The Tomatometer rating – based on the published opinions of hundreds of film and television critics – is a trusted measurement of movie and TV programming quality for millions of moviegoers. It represents the percentage of professional critic reviews that are positive for a given film or television show.
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The Tomatometer is 60% or higher.
The Tomatometer is 59% or lower.
Movies and TV shows are Certified Fresh with a steady Tomatometer of 75% or higher after a set amount of reviews (80 for wide-release movies, 40 for limited-release movies, 20 for TV shows), including 5 reviews from Top Critics.
Percentage of users who rate a movie or TV show positively.
Some might characterize what filmmaker Ross McElwee does as navel-gazing. But in the hands of this veteran documentarian, that which might be self-indulgent egomania from a lesser artist is often the stuff of quiet revelation.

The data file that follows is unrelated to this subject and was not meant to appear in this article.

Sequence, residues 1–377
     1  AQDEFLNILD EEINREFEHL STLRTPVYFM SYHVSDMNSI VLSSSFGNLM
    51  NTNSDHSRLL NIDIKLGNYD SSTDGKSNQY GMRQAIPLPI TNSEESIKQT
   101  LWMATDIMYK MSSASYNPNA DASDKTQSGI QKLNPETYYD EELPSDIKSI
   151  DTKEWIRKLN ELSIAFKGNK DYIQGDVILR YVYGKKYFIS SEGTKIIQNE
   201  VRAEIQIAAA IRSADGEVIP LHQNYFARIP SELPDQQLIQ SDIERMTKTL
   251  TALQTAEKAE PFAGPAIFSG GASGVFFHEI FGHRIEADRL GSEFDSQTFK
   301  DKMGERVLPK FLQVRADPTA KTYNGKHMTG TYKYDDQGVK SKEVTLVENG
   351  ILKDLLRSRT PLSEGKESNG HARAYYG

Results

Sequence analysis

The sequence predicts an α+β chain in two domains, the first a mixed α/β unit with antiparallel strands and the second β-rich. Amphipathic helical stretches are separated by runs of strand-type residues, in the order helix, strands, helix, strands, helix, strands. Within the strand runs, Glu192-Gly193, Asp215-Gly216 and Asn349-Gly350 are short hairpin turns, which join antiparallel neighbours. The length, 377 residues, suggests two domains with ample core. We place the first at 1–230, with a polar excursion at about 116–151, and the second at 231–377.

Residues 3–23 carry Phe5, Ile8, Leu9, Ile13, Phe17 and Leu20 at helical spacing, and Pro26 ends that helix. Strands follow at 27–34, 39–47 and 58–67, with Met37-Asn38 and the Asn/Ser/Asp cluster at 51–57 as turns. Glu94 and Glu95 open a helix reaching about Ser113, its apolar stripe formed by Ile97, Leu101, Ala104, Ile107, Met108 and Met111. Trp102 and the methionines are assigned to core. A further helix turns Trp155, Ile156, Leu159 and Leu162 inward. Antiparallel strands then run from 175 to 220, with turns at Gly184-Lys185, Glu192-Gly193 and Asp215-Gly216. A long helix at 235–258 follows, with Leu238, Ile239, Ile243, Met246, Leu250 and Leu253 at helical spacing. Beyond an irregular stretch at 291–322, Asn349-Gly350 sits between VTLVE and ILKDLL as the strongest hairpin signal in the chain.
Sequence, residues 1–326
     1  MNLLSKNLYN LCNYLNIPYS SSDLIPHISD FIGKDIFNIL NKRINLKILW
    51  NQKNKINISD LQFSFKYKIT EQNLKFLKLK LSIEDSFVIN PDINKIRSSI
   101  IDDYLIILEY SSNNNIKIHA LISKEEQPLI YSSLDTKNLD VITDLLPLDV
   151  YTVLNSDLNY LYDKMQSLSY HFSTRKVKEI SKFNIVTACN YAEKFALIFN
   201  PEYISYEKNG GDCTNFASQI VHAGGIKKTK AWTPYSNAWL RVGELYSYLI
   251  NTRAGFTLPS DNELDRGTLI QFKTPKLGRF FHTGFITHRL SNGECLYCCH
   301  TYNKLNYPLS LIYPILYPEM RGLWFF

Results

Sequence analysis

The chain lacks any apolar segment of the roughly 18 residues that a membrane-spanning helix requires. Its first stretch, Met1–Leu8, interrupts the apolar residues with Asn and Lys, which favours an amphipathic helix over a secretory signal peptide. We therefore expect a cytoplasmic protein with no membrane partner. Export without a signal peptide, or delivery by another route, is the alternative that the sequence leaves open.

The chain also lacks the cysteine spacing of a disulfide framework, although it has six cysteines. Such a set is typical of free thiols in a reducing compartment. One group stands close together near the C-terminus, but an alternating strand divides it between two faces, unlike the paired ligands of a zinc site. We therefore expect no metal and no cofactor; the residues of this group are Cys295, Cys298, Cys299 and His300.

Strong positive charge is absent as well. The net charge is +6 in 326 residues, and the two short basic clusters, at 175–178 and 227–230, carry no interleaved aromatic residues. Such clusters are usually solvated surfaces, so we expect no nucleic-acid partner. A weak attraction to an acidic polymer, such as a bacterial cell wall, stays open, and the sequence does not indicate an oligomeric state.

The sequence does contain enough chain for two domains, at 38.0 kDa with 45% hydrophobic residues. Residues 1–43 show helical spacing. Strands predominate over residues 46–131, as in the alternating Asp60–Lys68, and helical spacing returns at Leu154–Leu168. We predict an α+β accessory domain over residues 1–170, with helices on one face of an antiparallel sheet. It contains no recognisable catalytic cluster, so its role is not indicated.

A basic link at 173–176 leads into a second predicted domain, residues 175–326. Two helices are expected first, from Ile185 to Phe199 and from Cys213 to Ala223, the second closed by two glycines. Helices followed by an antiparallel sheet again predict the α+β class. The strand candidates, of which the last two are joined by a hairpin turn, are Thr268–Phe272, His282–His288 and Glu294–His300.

In his latest film, the 65-year-old director retraces his postcollegiate wanderjahrs in France jobbing for a wedding photographer, in an earnest effort to understand his son Adrian, a headstrong, restless creative type and stunt skier.
In the end, the camera in Photographic Memory is not so much roving as at ease with itself, moving at its own pace, not shambling but ambling along, content in its own small, personal, unassuming search for meaning.
It's a personal journey, but one that speaks to universal ideas about aging, fatherhood and the way, as Maurice once put it, that "time wears on a photograph, erodes it, until all of its context is gone."